Your cache configuration can have a bigger impact on overall system performance than you expect.
Many CPU manufacturers now deliver two cores per processor socket, with four cores on the way, and even more to follow. But harnessing multicore processor performance depends on the software developers' ability to make efficient use of these additional cores. Multicore processors offer developers more avenues to increase their systems' compute performance. With more cache memory available, it's possible to optimize the locality of data references, which in turn drives higher cache hit rates.
Most high-performance CPUs implement cache memory to improve performance. To lower data latency, the execution unit is surrounded by small pieces of high-speed SRAM, known as cache memory. The execution unit can access cache memory about 80 times faster than system memory.
A simplified block diagram of a CPU and its cache implementation is shown in Figure 1.
Data retrieved from system memory traverses the memory controller, the system bus, the Level 2 cache, and the Level 1 caches. The L1 data cache interfaces directly to the execution unit while the L1 instruction cache interfaces to the instruction fetch/decode stage. The close proximity of the L2 and L1 caches to the instruction execution pipeline significantly increases performance.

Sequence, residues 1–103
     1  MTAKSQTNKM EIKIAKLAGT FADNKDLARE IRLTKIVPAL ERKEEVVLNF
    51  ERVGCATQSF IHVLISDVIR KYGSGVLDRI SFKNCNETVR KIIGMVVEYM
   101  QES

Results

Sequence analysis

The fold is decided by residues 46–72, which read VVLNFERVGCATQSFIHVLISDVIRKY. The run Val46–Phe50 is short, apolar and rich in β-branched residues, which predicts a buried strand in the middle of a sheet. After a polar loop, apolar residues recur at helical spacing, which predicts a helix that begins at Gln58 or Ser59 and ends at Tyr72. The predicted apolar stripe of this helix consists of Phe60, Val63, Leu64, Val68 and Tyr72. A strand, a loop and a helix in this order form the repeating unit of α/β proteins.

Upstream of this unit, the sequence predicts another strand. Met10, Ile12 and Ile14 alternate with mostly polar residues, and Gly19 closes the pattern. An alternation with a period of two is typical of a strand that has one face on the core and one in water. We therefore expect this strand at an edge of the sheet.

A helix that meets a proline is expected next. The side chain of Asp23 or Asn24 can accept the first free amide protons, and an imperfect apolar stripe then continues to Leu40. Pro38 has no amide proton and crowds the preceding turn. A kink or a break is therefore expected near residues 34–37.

Performance-analysis tools are available to measure the cache hit rate, which indicates the percentage of time the execution unit is fed from the cache. Cache hit rate is a measure of cache efficiency, and it often correlates to the application program's reference locality, which refers to the degree to which a program's memory accesses are limited to a relatively small number of addresses. Conversely, a program that accesses a large amount of data from scattered addresses is less likely to use cache memory efficiently. For example, a packet-processing application that's performing TCP reassembly on a large number of TCP flows is likely to access a large amount of data over many memory locations. This results in a lower locality of reference than an application that's performing TCP reassembly on a smaller number of TCP flows.
The transition to multicore processors promises more than an increase in the number of execution cores and computation capability. It offers additional flexibility for development and optimization of higher performance applications. In particular, multicore architectures can significantly improve program flow so that cache memory associated with each individual execution core is used more effectively. With multiple caches available to software developers, it's possible to optimize data locality, driving higher cache hit rates and improving overall application performance.